“A little over a week ago. I wasn’t supposed to start until next week, but he called yesterday morning and asked if I could start work today.”
Yesterday morning, after threatening to blow Austin’s head off.
Some of the puzzle pieces were snapping into place.
“That was kind of you to rearrange your schedule.”
“It wasn’t any trouble. After Raymond told my grandpa Ralph about his recent trip to the hospital and was looking to hire someone to help out here, I jumped at the chance.”
“Well, a couple reasons. Your grandpa needed help. But when he said the job included full run of his place, I jumped at the chance. See, I’m the third son of six. The chance of me ever inheriting our spread is slim to none.”’
“So you took the job simply because you wanted to run a ranch?”
“Yes, ma’am. It’s always been my biggest dream.”
Paige had to give the man props. At least he knew what career path he wanted to follow. She had a bachelor’s degree and a brain full of worthless knowledge of the pharmaceutical industry but couldn’t stomach going back for her undergraduate studies. Paige was simply flailing without a clue what to do with her life.
When she saw her grandpa’s pickup heading toward the house, Paige jumped to her feet and hurried down the stairs. After pulling into the driveway, he climbed from the cab. His red face, narrow eyes, and furious scowl told her Duke Carson wasn’t the only one who’d heard a rumor. The little girl within wanted to run into the house and hide, but the woman needed to stand her ground.
“Paige Marie Nelson,” he bellowed.
She held up her hands. “I know you’re angry, but it was just a dance.”
“I told you yesterday never to talk to that land-grabbing bastard again, and you deliberately went behind my back. Did you think I wouldn’t find out?”
“I didn’t do anything deliberately. I wanted to dance, so he asked me. I said yes. That’s all.”
“You disobeyed me, Paige.”
The hurt in his voice crushed her.
“Don’t you ever do it again. You hear me?”
For the love of God, I’m not five anymore, Grandpa! Yeah, yeah, you didn’t like me dancing with Austin. I get it. What I don’t get is why you insist on perpetuating this stupid feud.
Biting back all the things she wanted to say, things that might get her a one-way ticket back to Branson, Paige curtly nodded.
“I’m sorry, I don’t mean to intrude,” Johnny stated, easing up behind her.
No, please intrude. I’ve had enough lectures for one day.
“Who the hell are you?” Raymond barked.
“I’m Johnny Tassel, Mr. Nelson,” he stated, extending his hand. “Ralph Tassel’s grandson. I’m here to start working for you, sir.”
“My goodness. Yes. You got here fast,” her grandpa exclaimed, shaking Johnny’s hand. “Thank you for coming on such short notice.”
“I always say, make hay while the sun shines, sir.” Johnny grinned. “Where would you like me to unpack my things, sir?”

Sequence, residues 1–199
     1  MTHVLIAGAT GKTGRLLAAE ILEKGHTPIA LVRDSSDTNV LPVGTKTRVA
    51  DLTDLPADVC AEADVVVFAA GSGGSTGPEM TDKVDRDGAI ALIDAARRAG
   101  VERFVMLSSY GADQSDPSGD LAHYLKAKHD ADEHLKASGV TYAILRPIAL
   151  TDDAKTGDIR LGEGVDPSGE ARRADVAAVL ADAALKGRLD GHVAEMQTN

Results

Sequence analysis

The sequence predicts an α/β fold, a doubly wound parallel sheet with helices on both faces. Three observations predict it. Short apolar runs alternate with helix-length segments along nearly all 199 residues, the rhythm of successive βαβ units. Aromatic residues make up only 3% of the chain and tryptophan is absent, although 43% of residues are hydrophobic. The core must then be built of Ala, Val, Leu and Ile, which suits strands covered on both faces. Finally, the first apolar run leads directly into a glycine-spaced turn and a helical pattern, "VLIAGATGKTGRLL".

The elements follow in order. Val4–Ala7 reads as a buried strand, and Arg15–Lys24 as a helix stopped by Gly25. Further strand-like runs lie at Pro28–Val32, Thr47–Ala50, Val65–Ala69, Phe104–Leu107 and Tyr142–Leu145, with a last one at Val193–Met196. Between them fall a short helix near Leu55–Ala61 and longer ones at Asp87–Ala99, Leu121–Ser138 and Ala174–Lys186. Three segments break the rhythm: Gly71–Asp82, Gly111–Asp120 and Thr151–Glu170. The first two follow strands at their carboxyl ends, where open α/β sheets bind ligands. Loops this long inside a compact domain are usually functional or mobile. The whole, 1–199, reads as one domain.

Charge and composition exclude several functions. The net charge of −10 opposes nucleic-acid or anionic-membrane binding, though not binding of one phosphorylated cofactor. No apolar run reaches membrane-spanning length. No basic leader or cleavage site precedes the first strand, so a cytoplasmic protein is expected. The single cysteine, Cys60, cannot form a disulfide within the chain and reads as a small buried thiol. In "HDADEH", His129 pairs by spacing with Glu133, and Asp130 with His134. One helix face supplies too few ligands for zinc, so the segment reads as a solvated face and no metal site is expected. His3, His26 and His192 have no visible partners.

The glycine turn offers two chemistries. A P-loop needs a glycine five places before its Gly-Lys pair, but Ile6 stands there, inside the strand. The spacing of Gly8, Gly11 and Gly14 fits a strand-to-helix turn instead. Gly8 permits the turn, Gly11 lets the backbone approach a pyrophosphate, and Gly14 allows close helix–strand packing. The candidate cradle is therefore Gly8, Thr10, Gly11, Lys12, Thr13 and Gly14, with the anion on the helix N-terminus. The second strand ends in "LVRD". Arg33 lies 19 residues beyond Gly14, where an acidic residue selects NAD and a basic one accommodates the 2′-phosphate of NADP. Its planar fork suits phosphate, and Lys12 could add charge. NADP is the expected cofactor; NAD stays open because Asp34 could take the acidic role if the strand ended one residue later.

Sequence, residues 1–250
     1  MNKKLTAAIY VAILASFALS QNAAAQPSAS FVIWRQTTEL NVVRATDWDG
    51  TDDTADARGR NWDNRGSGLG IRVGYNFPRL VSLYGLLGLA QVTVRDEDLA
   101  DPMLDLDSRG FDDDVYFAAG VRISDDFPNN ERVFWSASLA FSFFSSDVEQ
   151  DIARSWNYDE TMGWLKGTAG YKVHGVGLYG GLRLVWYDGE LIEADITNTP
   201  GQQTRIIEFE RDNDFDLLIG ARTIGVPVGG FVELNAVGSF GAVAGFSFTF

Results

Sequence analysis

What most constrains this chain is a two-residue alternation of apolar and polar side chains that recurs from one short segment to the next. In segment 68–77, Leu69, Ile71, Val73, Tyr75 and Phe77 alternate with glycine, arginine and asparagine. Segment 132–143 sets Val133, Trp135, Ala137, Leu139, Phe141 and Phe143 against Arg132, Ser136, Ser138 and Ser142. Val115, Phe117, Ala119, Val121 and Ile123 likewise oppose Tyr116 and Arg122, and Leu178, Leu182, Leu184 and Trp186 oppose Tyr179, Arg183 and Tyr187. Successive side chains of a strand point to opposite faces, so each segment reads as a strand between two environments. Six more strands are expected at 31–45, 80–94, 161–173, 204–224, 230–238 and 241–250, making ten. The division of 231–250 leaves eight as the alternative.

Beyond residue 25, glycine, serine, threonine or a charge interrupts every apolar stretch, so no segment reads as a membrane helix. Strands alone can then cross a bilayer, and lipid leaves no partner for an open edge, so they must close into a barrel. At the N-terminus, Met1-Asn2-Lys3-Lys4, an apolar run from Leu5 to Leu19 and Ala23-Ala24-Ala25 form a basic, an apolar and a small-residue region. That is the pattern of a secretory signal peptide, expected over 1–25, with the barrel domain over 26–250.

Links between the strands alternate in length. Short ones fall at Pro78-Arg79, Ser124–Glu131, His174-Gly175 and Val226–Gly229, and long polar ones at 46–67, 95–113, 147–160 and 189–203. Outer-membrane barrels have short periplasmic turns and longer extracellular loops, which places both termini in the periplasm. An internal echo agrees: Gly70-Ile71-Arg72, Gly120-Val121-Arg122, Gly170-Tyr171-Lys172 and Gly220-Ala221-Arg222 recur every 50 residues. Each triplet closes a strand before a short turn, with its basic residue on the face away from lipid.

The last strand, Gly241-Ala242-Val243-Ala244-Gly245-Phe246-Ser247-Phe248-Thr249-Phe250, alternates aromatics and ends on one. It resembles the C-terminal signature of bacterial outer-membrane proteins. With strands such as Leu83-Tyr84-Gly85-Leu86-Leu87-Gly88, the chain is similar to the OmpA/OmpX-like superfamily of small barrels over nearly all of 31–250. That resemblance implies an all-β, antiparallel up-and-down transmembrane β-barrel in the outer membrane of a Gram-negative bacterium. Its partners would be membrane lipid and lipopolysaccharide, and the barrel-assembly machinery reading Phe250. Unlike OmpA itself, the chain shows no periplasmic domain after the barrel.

“Please, call me Raymond,” he said with an affable smile.
Paige didn’t know if Raymond—as he liked to be called now—was done lecturing her or not, but she was glad Johnny had offered her a reprieve.
“Follow me. The bunkhouse is around back. It’s a little rough still, but you can fix it up any way you like.”
With an eager nod, Johnny jogged to his battered, brown pickup, then started lifting his luggage out of the bed.
As her grandpa turned her way, the smile fell from his face. “I’m gonna get him settled in, then you’re going to tell me what possessed you to dance with that bastard.”
“I already told you…I just wanted to dance.”
“There were plenty of other men in that bar, young lady. I know because Donald Jankowski was there that night…told me everything.”
“There wasn’t any everything, Grandpa. It was just a stupid dance.”
“You was rubbing bellies with him.”
“Oh, for the love of…” Paige blew out a sigh.
“Talking to him is bad enough, but rubbing bellies with him…” He scowled, then spat in the grass.
“I get it. I get it,” Paige bit out. “Now I have a question. Why did you hire Johnny without telling me?”
“Because this is still my ranch until you marry or I die. I’ll hire whoever I choose, whenever I choose without your or anyone else’s permission.”
“Wait, what do you mean until you die or I marry?”
Her grandpa eyed her for several long seconds. “Are you pulling my leg? Your momma didn’t tell you?”
“Tell me what?”
“Shit.” He heaved out a heavy sigh. “I thought your momma had gone and spilled the beans just to spite me.”
“I have no clue what you’re talking about, Grandpa.”
“I might as well tell you now that everyone in town knows my business thanks to that ballsy, pestering Carson boy.”
“Which Carson boy?”
“That snake you danced with, girl. He was waiting for me outside the post office like a goddamn rattler.”
A shiver slid up her spine. She didn’t know what Austin had said or done, but her curiosity meter was pegged in the red.
“The second summer you came to stay with me…when your momma married her second or third husband, I knew you needed some stability in your life, so I drew up a will. When I die, or if you get married, you inherit all this.” He swept his arm through the air toward the house and the land.